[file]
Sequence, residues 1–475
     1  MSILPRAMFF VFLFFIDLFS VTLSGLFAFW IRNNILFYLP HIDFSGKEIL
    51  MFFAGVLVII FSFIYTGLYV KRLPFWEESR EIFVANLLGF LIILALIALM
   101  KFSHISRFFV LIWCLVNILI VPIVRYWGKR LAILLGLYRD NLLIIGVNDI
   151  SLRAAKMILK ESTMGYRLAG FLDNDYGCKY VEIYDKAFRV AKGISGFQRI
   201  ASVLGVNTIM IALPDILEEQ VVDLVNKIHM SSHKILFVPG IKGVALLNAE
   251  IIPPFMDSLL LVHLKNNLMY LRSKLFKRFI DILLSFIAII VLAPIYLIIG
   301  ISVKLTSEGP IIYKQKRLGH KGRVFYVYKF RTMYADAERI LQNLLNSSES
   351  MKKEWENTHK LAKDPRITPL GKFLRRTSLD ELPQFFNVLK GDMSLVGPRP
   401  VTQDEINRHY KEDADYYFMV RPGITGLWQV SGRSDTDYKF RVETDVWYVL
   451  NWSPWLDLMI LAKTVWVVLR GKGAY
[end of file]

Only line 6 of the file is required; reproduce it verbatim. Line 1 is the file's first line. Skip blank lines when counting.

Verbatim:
   201  ASVLGVNTIM IALPDILEEQ VVDLVNKIHM SSHKILFVPG IKGVALLNAE